(Soundbite of music)

Mr. TAYLOR: (Singing) Over here where I am standing there's a bent and broken man, and for the vision, which is wrong, he would cross the burning sand.

Mr. PATOSKI: Here comes Carrie out of nowhere with this drawl that you say to yourself on first listen, `This has gotta be affected.' But, in fact, she sings just like her mama talks.

(Soundbite of music)

Ms. RODRIGUEZ: (Singing) They have wandered like ...(unintelligible). They have wandered far from the shore. They've been captured by the (unintelligible). So their work turned dark and cold.

Mr. PATOSKI: It's all too honest to be in show business and it's this honesty that makes it all work. I mean, you hear them sing together and it's romance.

CONTRERAS: Chip Taylor and Carrie Rodriguez are not romantically involved, but Rodriguez says their unlikely artistic partnership is based on a genuine affection for each other and the chill they get performing together.

Ms. RODRIGUEZ: I really love those moments when you are just completely unaware of reality. You're just going to that space in time and the story of the song and then I'll come out of it at the end and not even know--you know, I'll be surprised that we just finished the song, not even know what's going on.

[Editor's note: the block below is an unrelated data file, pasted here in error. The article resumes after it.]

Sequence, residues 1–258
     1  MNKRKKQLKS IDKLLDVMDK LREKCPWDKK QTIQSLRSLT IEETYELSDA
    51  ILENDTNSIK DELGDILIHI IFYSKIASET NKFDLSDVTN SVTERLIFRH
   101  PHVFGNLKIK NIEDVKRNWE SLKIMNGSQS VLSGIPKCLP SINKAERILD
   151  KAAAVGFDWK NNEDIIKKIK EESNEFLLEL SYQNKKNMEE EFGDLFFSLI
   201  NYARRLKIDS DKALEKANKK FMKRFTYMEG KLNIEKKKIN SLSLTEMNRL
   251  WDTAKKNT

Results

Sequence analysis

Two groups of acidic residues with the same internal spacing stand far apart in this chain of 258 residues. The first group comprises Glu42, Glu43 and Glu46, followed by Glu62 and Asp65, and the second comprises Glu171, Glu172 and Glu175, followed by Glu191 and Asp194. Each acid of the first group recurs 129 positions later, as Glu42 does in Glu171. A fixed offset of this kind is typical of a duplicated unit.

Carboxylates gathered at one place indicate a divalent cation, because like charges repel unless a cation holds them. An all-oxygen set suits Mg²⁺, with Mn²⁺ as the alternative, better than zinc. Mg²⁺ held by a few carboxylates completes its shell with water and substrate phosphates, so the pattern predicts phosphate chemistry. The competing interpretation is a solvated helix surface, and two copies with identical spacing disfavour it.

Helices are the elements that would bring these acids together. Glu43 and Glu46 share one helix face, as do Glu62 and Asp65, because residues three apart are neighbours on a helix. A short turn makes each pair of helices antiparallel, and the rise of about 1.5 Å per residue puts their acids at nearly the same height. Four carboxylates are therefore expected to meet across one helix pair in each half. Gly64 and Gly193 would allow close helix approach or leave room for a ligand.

CONTRERAS: Chip Taylor says he's never been happier than when he's making music with Carrie Rodriguez and despite all his years in the business, he says there's still room to learn something new.

Mr. TAYLOR: You know, it's not--I'm not like the old master walking around showing everybody how to do it. She's been such a positive influence on me and as far as the relationship goes that's such a strong thing. We just--we really--we have a really nice thing together.

CONTRERAS: Chip Taylor and Carrie Rodriguez both say they often scratch their heads over how well their collaboration has been received. The differences in age, background and experience create a mystery they say they are both content to leave unsolved.

Felix Contreras, NPR News.

(Soundbite of music)

SIMON: And there's more of Chip and Carrie's music on our Web site,

(Soundbite of music)

Mr. TAYLOR: That was it.

Ms. RODRIGUEZ: Were we recording that?

Mr. TAYLOR: Yeah.

Ms. RODRIGUEZ: Oh, I didn't even know we were. We were just talking.

Mr. TAYLOR: You got that, Huck, right?

SIMON: And throughout the morning NPR will continue to cover the developments in the bombings in Sharm el-Sheikh, Egypt, where at least 83 people have been killed in terrorist attacks there overnight.

This is WEEKEND EDITION. I'm Scott Simon.

Copyright © 2005 NPR. All rights reserved. Visit our website terms of use and permissions pages at for further information.

NPR transcripts are created on a rush deadline by Verb8tm, Inc., an NPR contractor, and produced using a proprietary transcription process developed with NPR. This text may not be in its final form and may be updated or revised in the future. Accuracy and availability may vary. The authoritative record of NPR’s programming is the audio record.